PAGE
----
Felix van Groeningen • Director
“An orchestrated chaos”
- Interview with the young Flemish director in Paris in the offices of his French distributor MK2
Cineuropa: After two debut features made from original screenplays, you wanted to try your hand at an adaptation.
Felix Van Groeningen: When I started making films, I couldn’t imagine one day working on someone else’s screenplay or adapting a book. I wrote my debut feature single-handedly, but I found it difficult and I wanted to co-write the screenplay for my second feature. Making an adaptation was just one small step further. Writing a screenplay takes far too much time and I was looking for a way of being able to get on more quickly with the filming.
Why did you choose Dimitri Verhulst’s book?
I knew the author and really liked his style. When I read The Misfortunates [+see also:
interview: Felix van Groeningen
film profile], I initially thought it was impossible to adapt, as it was too anecdotal, made up of a series of drinking binges. But the final chapters shed light on the whole book: we understand that the main character is no longer in his village, that his father is dead and that he is about to become a father himself, even though this is not at all what he wants.
I cried when he goes to his grandmother’s house and thanks her: we had to achieve this effect in the film. I wanted people to understand why the character has become so cynical. I took a lot of time to define the film’s structure. I like playing with time, with a long story included in a short story, making back-and-forth shifts that are not very logical, but rather emotional.
A family story, social realism or tragicomedy: what was your preferred angle of approach?
It comes together as a whole. I tried to imbue the characters with humanity. It’s the story of someone who escapes his social background, but this doesn’t save him: he’s lonely and sad, he hates the world and his life. It’s very dark, but everything opens up again because he finds his place in life and there, he returns to his past and sees his family again. It’s a long, 20-year journey with a very upbeat side, but lots of destruction too.
You made the actors rehearse a lot before the shoot.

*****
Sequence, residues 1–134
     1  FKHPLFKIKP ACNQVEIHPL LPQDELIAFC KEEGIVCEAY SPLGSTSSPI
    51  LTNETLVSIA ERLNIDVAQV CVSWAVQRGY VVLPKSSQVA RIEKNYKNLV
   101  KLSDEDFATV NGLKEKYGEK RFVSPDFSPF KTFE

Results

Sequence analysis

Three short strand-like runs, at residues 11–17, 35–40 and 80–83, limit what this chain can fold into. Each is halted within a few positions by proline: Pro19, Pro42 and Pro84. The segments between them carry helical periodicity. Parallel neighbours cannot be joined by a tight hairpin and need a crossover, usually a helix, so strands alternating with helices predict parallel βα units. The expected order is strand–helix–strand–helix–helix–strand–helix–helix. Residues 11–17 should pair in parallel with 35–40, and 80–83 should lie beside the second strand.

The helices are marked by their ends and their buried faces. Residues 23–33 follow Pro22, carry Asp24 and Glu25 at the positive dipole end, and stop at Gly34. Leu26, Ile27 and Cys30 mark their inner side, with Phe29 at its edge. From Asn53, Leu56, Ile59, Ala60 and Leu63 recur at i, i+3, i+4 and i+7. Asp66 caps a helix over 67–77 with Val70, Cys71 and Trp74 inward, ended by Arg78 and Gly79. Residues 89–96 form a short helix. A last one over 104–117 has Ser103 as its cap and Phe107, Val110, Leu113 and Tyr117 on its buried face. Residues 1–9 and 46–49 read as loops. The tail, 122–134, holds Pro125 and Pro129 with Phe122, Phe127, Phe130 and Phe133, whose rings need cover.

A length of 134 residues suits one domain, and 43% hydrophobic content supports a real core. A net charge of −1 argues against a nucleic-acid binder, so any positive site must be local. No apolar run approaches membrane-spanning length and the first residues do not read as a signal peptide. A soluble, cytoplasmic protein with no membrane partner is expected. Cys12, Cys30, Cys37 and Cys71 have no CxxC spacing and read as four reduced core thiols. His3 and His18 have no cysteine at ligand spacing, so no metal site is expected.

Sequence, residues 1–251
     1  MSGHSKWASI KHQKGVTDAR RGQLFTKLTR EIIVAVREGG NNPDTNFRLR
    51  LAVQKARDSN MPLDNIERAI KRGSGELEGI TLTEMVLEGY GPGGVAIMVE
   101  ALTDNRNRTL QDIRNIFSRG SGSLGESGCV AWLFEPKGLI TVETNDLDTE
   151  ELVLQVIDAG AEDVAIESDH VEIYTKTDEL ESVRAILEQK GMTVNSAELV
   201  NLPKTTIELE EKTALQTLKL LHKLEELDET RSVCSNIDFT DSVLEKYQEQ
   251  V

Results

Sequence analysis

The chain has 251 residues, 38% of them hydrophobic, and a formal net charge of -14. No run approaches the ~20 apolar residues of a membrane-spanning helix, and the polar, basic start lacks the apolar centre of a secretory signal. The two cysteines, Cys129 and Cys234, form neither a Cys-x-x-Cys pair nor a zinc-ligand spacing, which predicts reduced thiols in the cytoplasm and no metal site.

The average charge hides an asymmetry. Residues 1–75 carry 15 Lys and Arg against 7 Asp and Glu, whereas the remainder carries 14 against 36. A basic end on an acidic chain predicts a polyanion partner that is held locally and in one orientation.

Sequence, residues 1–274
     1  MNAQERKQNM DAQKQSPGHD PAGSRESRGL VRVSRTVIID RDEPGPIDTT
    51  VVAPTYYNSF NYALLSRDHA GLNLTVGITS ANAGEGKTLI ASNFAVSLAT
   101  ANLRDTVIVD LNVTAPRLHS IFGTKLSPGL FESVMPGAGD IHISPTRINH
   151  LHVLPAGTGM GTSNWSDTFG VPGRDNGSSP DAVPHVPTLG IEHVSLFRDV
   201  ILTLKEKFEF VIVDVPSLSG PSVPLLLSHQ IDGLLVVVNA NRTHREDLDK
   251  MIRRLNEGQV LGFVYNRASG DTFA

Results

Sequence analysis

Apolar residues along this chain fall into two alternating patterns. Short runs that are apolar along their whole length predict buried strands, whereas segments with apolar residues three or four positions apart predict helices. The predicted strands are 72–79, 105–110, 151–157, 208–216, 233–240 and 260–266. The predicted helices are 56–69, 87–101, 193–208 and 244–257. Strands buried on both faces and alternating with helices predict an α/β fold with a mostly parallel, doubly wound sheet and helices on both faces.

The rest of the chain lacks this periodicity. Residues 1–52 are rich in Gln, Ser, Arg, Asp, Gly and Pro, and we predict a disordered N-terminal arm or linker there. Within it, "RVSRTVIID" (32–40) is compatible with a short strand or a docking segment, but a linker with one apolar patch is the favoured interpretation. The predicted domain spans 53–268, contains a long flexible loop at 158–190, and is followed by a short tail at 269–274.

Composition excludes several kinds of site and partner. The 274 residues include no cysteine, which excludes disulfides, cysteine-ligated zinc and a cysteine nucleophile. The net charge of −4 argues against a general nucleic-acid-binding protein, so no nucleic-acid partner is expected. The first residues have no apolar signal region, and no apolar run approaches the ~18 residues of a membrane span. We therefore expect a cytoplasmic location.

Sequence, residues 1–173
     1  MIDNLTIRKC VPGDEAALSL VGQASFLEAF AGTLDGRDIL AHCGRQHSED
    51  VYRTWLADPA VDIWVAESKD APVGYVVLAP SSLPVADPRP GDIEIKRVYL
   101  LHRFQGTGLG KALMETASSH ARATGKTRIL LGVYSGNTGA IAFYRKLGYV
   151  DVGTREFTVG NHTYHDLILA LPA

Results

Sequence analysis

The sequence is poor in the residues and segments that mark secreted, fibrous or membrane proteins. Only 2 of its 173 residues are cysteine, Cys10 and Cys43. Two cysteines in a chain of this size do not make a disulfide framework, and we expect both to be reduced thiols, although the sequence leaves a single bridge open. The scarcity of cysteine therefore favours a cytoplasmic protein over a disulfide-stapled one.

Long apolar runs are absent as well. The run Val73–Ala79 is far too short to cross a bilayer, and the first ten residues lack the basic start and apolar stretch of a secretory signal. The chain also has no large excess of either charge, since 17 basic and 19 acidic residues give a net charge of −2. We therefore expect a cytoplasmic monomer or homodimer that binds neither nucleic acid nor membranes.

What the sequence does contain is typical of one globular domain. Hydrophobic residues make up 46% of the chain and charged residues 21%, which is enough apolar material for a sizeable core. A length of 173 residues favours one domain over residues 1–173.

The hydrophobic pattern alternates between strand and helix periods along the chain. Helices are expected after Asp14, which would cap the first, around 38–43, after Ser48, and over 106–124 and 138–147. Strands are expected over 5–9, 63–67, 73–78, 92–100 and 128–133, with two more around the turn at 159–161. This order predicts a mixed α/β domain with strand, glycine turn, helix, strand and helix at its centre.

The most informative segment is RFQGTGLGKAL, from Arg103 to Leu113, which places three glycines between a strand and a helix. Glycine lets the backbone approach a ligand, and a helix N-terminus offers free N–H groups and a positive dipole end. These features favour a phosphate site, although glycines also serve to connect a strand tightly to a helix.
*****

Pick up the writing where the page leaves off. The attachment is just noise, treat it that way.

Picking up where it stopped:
That’s my method. While I write the screenplay, I begin the casting process and very soon I start rehearsals to see what the actors can bring to the characters. I also watched some documentaries with the actors, in particular Les Aventures de la Famille Debecker (“The Adventures of the Debecker Family”), which centres on a poor family who live in a tiny house with a very warm atmosphere.
What were your visual ideas for the film?
I wanted an orchestrated chaos, with lots of energy. But you have to be careful not to go too fast, otherwise viewers can’t follow any more. Energy is essential, but you also have to know precisely what shots you want. My DoP takes part in rehearsals, films them and suggests ideas for directing. Then we look at the images and take photos from the video to put together our shooting script.
What are your main cinematic influences?
I always have one or two films that stay with me for a few years and I watch them between ten and 20 times. Recently, it’s been Jacques Audiard’s The Beat That My Heart Skipped [+see also:
film profile] and Alfonso Cuarón’s And Your Mother Too.
A screening in Cannes Directors’ Fortnight, a successful run in Belgian theatres and selection as Belgian hopeful for the 2010 Best Foreign Language Film Oscar. How do you feel about this success?
It’s wonderful! My second feature was well received by the press, but in theatres obtained no more than averagely good results for a Flemish arthouse film. But I am especially glad that success only came with this film because I’ve realised from past experience that I simply need to continue making films and not start dreaming.
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